Please see below Fr Wulstan's Home Retreat for Saturday 30th May. A pdf download is available at the bottom of the page. Alternatively, click here to view on our YouTube channel.
The encounter with Christ, which lies at the heart of prayer, has been sought by Christians in a variety of ways. One way of praying characteristic of the monastic tradition – but which is not exclusive to it, but rather is open to all Christians – is that of lectio divina, namely the prayerful reading of the Scriptures, a way of coming into contact with Jesus, the Word of God, simply spending time with him, so as to learn from him and to be formed by him. As we read in the First Letter of St Peter:
The Lord is the living stone, rejected by men but chosen by God and precious to him; set yourselves close to him so that you too, the holy priesthood that offers the spiritual sacrifices which Jesus has made acceptable to God, may be living stones making a spiritual house. (1 Peter 2: 4-5)
The Rule of St Benedict
For St Benedict, lectio divina was simply a given in the monastic life; you can see the evidence of this in the text of his Rule, which is suffused with references and allusions to the Scriptures, some translations indicating these in italics. To use a modern expression, we can say that Benedict ‘lived from his lectio’ and taught his followers – both in his own day and now – the centrality of lectio as a way of praying and becoming, becoming what we are called to be, in the Christian life.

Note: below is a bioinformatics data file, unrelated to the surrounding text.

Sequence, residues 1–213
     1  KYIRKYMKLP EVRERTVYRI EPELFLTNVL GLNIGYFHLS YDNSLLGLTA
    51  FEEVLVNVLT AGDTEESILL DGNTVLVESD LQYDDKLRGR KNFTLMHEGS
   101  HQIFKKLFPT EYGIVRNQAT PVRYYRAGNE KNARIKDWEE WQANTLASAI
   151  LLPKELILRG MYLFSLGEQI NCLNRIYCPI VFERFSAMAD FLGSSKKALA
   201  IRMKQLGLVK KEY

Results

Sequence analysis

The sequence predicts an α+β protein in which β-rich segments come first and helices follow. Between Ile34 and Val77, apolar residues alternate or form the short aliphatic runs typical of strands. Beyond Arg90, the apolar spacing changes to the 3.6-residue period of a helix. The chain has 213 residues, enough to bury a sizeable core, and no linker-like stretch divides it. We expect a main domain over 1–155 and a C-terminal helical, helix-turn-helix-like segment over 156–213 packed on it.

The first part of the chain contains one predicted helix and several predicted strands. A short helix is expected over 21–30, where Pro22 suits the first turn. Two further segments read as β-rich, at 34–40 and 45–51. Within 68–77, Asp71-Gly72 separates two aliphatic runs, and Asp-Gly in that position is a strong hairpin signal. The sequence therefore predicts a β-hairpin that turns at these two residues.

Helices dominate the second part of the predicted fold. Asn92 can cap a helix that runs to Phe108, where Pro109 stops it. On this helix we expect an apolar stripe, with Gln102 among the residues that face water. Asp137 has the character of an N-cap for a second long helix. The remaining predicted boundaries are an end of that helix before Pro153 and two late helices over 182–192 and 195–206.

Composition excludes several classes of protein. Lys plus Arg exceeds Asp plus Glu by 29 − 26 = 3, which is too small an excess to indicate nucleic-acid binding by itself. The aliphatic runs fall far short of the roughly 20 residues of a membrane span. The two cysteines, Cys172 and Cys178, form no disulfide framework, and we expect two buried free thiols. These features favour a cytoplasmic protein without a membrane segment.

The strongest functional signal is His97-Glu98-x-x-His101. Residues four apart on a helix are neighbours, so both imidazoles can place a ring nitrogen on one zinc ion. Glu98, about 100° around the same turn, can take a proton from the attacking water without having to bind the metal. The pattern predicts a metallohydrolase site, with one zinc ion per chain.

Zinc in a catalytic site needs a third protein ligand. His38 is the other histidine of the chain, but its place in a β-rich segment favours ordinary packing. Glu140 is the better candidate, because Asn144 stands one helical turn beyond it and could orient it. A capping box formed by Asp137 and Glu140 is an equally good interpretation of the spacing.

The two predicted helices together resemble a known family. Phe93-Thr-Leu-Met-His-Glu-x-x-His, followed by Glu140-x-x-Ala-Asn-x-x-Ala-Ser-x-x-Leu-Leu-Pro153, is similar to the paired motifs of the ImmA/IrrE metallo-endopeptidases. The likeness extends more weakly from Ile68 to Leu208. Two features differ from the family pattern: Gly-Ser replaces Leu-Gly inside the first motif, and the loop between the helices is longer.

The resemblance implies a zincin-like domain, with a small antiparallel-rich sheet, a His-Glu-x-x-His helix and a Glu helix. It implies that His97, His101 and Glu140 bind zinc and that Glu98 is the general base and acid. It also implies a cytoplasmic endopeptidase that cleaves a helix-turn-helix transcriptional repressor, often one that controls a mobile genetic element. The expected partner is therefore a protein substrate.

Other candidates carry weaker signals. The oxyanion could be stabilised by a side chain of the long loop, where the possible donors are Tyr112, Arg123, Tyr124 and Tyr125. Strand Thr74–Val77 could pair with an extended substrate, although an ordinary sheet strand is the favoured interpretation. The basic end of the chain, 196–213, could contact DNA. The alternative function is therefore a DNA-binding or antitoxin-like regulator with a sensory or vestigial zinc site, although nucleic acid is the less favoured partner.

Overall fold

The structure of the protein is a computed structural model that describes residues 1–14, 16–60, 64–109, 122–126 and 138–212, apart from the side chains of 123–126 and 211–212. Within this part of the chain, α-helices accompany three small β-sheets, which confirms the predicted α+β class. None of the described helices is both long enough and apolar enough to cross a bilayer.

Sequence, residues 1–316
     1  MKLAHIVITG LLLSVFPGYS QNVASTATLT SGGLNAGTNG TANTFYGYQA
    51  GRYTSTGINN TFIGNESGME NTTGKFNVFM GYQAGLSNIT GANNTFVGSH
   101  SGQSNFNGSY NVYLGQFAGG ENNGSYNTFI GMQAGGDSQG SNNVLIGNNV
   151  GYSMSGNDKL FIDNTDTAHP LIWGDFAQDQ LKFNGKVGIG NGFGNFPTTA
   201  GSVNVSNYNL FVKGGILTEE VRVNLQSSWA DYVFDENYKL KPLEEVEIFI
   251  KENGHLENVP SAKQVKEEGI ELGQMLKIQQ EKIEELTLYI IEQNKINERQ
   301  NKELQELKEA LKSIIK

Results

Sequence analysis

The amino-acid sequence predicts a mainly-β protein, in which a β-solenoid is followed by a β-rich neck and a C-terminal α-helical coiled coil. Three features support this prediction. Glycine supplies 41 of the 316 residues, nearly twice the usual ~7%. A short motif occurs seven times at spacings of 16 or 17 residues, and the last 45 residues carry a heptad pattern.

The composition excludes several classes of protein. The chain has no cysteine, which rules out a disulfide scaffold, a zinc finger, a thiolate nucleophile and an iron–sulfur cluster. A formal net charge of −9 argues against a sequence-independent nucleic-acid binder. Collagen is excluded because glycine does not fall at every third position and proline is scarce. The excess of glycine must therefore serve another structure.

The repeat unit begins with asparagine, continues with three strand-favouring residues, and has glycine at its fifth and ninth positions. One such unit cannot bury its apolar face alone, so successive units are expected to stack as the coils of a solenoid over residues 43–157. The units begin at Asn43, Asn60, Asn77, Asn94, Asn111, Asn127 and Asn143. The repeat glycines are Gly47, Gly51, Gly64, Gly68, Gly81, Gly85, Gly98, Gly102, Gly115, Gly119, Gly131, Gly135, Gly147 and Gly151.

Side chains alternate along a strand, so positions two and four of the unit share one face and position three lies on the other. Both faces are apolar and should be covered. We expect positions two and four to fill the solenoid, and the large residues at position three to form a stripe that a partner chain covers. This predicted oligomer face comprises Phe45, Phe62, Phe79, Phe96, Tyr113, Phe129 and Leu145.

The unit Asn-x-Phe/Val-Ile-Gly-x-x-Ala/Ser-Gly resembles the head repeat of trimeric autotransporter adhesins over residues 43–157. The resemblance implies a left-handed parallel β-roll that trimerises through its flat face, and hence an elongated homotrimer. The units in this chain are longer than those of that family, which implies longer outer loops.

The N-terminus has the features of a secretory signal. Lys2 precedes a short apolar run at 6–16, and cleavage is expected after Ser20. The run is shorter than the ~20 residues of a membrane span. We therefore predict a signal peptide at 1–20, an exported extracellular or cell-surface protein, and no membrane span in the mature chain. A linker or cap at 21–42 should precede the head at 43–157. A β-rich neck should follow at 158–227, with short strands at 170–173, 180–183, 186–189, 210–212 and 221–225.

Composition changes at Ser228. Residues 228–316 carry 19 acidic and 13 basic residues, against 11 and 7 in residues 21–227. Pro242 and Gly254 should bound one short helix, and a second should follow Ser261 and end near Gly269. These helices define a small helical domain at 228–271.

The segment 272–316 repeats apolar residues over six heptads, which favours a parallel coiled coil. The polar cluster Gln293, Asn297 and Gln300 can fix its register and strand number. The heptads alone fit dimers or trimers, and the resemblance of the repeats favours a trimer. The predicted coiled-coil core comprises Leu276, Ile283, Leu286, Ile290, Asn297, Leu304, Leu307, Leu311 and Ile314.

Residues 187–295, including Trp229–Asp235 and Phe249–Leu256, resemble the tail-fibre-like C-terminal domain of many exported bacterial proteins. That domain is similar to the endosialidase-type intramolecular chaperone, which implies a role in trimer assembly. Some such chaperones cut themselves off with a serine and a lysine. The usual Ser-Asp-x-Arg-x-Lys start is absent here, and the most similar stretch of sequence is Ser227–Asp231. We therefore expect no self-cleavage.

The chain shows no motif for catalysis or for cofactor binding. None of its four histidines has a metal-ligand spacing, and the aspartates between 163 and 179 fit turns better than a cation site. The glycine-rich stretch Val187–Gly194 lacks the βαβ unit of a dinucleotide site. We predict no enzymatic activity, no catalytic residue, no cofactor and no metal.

This being so, it should come as no surprise that in Chapter 48 of his Rule entitled, ‘The Daily Manual Labour’ which outlines the working day for his monks, that Benedict should write that in addition to times of manual labour ‘the brothers should have specified periods… for prayerful reading.’ In fact, some commentators have suggested that this chapter is actually much more about the importance of lectio divina than manual labour, given how carefully Benedict allocates time for it, even saying that ‘one or two seniors must surely be deputed to make the rounds of the monastery while the brothers are reading. Their duty is to see that no brother is so apathetic as to waste time or engage in idle talk to the neglect of his reading, and so not only harm himself but also distract his brothers.’ Whilst this might sound a little strange - even harsh - to our ears, this injunction does tell us just how important and foundational to the Christian life Benedict regarded this encounter with the Word of God in Scripture to be, it being an encounter with Christ himself.